Next, you should encode your target variable with the
LabelEncoder. While Sklearn tends to handle text-based class names well, it's best to put everything into a numeric form before training.
le = LabelEncoder() y = le.fit_transform(y) le.classes_
array(['Bottoms', 'Dresses', 'Intimate', 'Jackets', 'Tops', 'Trend'], dtype=object)
By printing off the
classes_, we can see which classes are encoded based on the order of the list.
Of course, when training our model, we need to split the dataset into Train and Test Partitions, allowing us to train our model and validate it on the test set to see how well it performs.
# Make training and test sets X_train, X_test, y_train, y_test = train_test_split(X, y, test_size=0.33, random_state=53)
The next is a function to print off the classification report and a Confusion Matrix. Check out my article on how to best evaluate a classification model for more information: Stop Using Accuracy to Evaluate Your Classification Models.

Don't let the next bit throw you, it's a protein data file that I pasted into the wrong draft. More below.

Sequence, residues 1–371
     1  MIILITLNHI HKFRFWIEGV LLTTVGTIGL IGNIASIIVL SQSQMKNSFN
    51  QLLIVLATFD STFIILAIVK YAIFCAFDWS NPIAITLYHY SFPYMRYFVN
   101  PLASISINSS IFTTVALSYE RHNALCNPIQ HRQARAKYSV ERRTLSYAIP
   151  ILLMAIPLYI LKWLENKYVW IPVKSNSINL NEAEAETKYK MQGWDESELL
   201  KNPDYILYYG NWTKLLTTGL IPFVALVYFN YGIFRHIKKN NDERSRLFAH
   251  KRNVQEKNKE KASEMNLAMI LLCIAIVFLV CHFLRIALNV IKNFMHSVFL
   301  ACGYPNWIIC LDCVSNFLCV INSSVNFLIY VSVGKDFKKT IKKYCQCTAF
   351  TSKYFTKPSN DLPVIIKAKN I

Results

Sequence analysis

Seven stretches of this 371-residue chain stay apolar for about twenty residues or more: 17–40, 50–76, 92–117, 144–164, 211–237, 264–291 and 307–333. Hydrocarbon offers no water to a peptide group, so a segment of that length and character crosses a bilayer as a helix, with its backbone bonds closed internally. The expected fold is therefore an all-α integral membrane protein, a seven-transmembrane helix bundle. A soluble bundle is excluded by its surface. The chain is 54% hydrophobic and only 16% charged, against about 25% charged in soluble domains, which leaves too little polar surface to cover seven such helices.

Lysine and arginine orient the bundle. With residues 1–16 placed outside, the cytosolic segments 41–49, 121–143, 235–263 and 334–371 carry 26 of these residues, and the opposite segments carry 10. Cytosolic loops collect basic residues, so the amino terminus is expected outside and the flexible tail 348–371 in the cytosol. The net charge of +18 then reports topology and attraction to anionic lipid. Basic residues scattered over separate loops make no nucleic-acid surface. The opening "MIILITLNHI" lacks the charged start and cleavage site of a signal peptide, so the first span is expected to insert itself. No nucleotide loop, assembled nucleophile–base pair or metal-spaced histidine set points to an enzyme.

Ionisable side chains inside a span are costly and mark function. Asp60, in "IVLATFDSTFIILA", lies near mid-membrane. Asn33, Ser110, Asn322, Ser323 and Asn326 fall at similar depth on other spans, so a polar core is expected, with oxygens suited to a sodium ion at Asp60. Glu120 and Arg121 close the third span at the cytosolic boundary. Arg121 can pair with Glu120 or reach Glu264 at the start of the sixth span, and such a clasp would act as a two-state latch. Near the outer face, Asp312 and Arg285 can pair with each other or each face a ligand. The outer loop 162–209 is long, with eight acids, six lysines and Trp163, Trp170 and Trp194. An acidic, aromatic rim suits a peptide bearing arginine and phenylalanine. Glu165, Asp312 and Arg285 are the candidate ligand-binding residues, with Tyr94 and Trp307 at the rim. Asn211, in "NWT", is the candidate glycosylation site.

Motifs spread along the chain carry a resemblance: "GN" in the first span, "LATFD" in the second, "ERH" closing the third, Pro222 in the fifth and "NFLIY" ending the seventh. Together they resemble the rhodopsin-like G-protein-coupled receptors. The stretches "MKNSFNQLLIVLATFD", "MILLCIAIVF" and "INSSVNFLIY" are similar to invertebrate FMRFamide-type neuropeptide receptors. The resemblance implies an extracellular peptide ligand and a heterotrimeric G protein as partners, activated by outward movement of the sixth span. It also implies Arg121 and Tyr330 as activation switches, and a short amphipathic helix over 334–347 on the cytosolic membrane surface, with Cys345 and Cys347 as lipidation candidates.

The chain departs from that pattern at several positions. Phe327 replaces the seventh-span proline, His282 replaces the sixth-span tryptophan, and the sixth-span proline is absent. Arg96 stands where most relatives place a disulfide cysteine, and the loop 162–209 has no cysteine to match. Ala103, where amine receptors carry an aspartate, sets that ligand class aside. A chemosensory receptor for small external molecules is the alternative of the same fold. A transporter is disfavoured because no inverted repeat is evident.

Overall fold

def fit_and_print(pipeline): pipeline.fit(X_train, y_train) y_pred = pipeline.predict(X_test) print(metrics.classification_report(y_test, y_pred, digits=3)) ConfusionMatrixDisplay.from_predictions(y_test, y_pred, cmap=plt.cm.YlGn) plt.tight_layout() plt.ylabel('True label') plt.xlabel('Predicted Label') plt.tight_layout()
Here we’re creating the instance of the classifier, fitting it, and evaluating it. We’re using
LogisticRegression, which is inherently a binary classifier. Sklearn has implemented multi-class directly as an argument of the classifier, but to demonstrate how One-vs-Rest works, I will use the wrapper instead. To accomplish this, you wrap your classifier with the
OneVsRestClassifier() strategy I talked about above. This wrapper instructs the classifier on how to approach multi-class. We could also use the
OneVsOneClassifier strategy the same way. Go ahead and try both and compare the results.